John Carpenter’s Apocalypse

It’s funny what you learn when you do research for other things.

In the process of putting together last weeks article Lovecraft, Films and TV I looked a little into John Carpenter’s The Thing, a classic mixture of body-horror, paranoia and cosmic horror. The concept of an immensely powerful creature descending from the stars with the power to devour us all has some rather eldritch horror elements, and while the origins for this story are more strongly tied to John W. Campbell’s “Who Goes There?” there’s no denying the impact of the Lovecraft contemporaries from a few years prior.

Did you know it was part of a trilogy?

I didn’t!

John Carpenter’s Apocalypse is as much a trilogy as Pegg, Frost and Wright’s Three Flavours Cornetto. There are three seemingly unrelated plots, themes, casts of characters, and so far as the science fiction elements apply they could easily occupy three different universes for all that connects them, except that John Carpenter groups them together. Why? And why do we hardly know about the other two…

The Thing (1982)

I shan’t overdo this one as it’s the most famous of the lot and spawned a rather good prequel that was good enough, nothing incredible but definitely worth a watch. An arctic base, isolated, barely equipped to fight off a polar bear, let along the shapeshifting devourer that infiltrates them and their people, killing them off one at a time. In the end (spoilers… but, c’mon, 1982) the last survivors sit and watch each other until they freeze to death to make sure that the creature does not make it to more densely populated areas.


While the origins of this film are hardly shrouded in mystery there are a handful of ties to Lovecraft, and some groundwork laid for the concept of the Apocalypse. The alien lifeform being present at a frozen pole is strongly reminiscent of the city of the shoggoths in The Mountains of Madness, and the Thing’s appearance eludes to shoggoths themselves, many eyed, every changing and slithering. Theft of identity, vast alien presences, shapeless terror, all of these things are quite Cthulhoid, but without that background it stands on its own as a good, grisly horror with some rather world-ending implications.

Prince of Darkness (1987)

Here is where the love for the trilogy ends rather abruptly, and it’s a shame because somewhere in here there’s a good film. A mixture of religion and science that takes an interesting approach, it literally reduces the war between good and evil to that of matter and anti-matter, and gives us the notion of the Devil as a substance… a literal jar of evil which must somehow be prevented from breaking free if it’s confines and consuming the world. The weak of mind fall prey first, creepy crawlies, birds and the clinically insane. When scientists and theologians go to investigate, they arrive in time to fall prey to the Devil jar.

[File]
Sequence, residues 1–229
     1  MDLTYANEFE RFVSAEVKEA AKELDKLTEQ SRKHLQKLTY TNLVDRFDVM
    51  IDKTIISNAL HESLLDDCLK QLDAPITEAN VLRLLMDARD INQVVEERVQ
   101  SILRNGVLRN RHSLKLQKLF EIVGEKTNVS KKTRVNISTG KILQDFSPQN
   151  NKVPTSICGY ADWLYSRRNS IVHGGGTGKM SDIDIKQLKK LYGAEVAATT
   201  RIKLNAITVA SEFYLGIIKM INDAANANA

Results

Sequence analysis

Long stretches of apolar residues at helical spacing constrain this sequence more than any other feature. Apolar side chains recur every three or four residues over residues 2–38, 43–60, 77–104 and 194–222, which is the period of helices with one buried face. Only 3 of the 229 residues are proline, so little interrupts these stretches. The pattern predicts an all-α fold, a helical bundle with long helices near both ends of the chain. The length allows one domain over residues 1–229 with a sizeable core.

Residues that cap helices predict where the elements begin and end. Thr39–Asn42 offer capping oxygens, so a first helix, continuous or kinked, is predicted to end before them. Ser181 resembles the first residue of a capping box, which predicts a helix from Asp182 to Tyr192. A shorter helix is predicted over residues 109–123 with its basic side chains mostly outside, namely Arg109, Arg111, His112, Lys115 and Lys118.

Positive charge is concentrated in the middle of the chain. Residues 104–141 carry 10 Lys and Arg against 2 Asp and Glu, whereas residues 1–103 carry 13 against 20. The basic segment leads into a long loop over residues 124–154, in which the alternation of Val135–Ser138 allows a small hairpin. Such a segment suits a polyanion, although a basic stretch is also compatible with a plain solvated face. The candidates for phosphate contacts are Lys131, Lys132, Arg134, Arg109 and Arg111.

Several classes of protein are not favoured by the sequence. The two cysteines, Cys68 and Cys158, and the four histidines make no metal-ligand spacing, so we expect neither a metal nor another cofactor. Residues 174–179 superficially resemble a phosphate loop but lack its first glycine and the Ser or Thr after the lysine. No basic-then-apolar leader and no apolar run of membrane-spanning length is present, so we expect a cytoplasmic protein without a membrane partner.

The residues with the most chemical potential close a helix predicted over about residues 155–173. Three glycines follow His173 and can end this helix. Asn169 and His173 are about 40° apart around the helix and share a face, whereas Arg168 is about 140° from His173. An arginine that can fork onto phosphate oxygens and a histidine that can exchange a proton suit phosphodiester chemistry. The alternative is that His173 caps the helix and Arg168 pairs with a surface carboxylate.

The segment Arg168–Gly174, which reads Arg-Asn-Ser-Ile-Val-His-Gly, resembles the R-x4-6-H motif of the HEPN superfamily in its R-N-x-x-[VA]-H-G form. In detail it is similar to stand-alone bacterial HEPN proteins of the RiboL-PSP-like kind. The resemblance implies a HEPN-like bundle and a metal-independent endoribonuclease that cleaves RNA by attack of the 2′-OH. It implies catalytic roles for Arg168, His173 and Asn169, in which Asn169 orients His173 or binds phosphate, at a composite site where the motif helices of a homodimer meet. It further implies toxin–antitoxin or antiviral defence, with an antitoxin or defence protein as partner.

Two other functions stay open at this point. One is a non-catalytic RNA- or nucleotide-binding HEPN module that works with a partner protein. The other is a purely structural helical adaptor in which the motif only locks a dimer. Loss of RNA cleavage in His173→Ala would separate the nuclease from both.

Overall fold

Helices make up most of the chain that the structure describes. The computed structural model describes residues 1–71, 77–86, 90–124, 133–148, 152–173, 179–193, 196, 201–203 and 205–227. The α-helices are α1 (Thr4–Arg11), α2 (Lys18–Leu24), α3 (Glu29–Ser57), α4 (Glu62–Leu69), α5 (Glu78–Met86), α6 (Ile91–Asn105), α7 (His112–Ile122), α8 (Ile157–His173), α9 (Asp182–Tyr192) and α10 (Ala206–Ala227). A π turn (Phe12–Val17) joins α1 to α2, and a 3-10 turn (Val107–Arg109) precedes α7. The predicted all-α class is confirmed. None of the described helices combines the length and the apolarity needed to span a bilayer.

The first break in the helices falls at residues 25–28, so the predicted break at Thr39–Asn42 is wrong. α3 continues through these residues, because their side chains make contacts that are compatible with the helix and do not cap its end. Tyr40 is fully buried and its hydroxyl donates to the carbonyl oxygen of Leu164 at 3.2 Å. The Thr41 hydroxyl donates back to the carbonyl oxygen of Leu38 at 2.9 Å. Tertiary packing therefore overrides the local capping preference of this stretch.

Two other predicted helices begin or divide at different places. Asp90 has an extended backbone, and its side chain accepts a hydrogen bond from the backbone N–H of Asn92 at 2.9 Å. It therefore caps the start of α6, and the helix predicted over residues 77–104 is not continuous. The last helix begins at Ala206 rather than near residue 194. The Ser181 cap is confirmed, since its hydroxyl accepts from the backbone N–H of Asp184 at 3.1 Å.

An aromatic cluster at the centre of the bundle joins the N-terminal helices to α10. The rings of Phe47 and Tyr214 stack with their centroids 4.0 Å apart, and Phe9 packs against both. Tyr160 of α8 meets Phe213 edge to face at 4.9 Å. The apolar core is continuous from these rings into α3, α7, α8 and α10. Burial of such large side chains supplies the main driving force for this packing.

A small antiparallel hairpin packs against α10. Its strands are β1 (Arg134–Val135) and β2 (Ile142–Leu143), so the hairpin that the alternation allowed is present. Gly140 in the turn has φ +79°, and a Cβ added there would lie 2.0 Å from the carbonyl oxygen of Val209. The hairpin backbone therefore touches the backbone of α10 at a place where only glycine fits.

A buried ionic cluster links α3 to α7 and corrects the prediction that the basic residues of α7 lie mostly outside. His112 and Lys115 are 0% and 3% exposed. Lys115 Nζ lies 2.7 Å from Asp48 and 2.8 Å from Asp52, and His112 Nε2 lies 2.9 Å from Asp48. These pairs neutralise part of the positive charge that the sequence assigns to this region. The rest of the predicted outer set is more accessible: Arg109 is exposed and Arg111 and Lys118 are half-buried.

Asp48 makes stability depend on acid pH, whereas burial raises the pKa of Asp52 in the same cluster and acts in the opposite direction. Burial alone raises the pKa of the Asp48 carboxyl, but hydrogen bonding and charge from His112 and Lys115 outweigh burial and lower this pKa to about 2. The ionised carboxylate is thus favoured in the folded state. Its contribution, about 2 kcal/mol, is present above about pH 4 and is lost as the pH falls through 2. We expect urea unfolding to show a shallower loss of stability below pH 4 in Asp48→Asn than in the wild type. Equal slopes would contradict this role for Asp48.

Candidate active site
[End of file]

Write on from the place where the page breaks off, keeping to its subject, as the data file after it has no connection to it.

Prince of Darkness struggles to balance elements. The faith and science balance, the zombification of the scientists, the glimpses of the future, and finally the sudden involvement of mirrors towards the film’s conclusion. These failings have a common element, the writing of Martin Quartermass whom you might know better as… (drum roll) John Carpenter!

Characters are dull, dialogue a little flimsy, and while the themes are well grouped, they’re badly assembled. All of the hallmarks of a good horror film are there, but the gross-outs don’t work as well as the body-shocks of the Thing. Finding the mysterious in the depths of science is something the Lovecraftians have touched upon, such as in The Colour Out Of Space or Herbert West: Reanimator, the theme of world ending horrors just on the brink of reality keeps the theme of the trilogy, as does that of removal of self. The zombies, the cloning power of the Thing, and finally…

In the Mouth of Madness (1995)

Sam Neill is few people’s favourite actor, but he’s credible enough to play the roll of an insurance claims adjustor searching for vanished horror author Sutter Cane (a rather shameless pastiche of Stephen King) who’s rabid fans are crying out for his final book. In his pursuit of Cane (spoilers, but…) Neill finds a fictional village by following clues that seem placed for anyone to discover, although the village does not technically exist, and the people therein are odd in various extremes.


Here’s the one I would love to see remade, because while it’s not bad in itself it could be so much more. It hits on every theme that I touched upon last week but rather rushes through them, and modern special effects and film techniques would serve it well, I’d even have Sam Neill back if he was interested. While it follows none of the actual stories from the Lovecraft team it’s a near-perfect homage and a testament to Carpenter’s fandom, right from the opening scenes as our main character is dragged into an asylum to retell his side of events.

As for the apocalyptic themes and loss of self: Cane’s writings as it transpires are not his as such, but he is being used as a tool, as if he were a pen, and reality the page. It puts many characters at the complete control of this incredible intellect that seek to enter our world, and makes leaves them bereft of any hint of free will, right up until the very end, which for me was the best scene in the whole trilogy.

This is not a trilogy you need to watch all at once, in order, or even completely, I’d even advise skipping Prince of Darkness, although it’s not beyond watchable, and if you’re really keen on film then it’s worthy of study. Either way, a little digging and suddenly I am a fan of John Carpenter, and I can very clearly envision a new film marathon starting.

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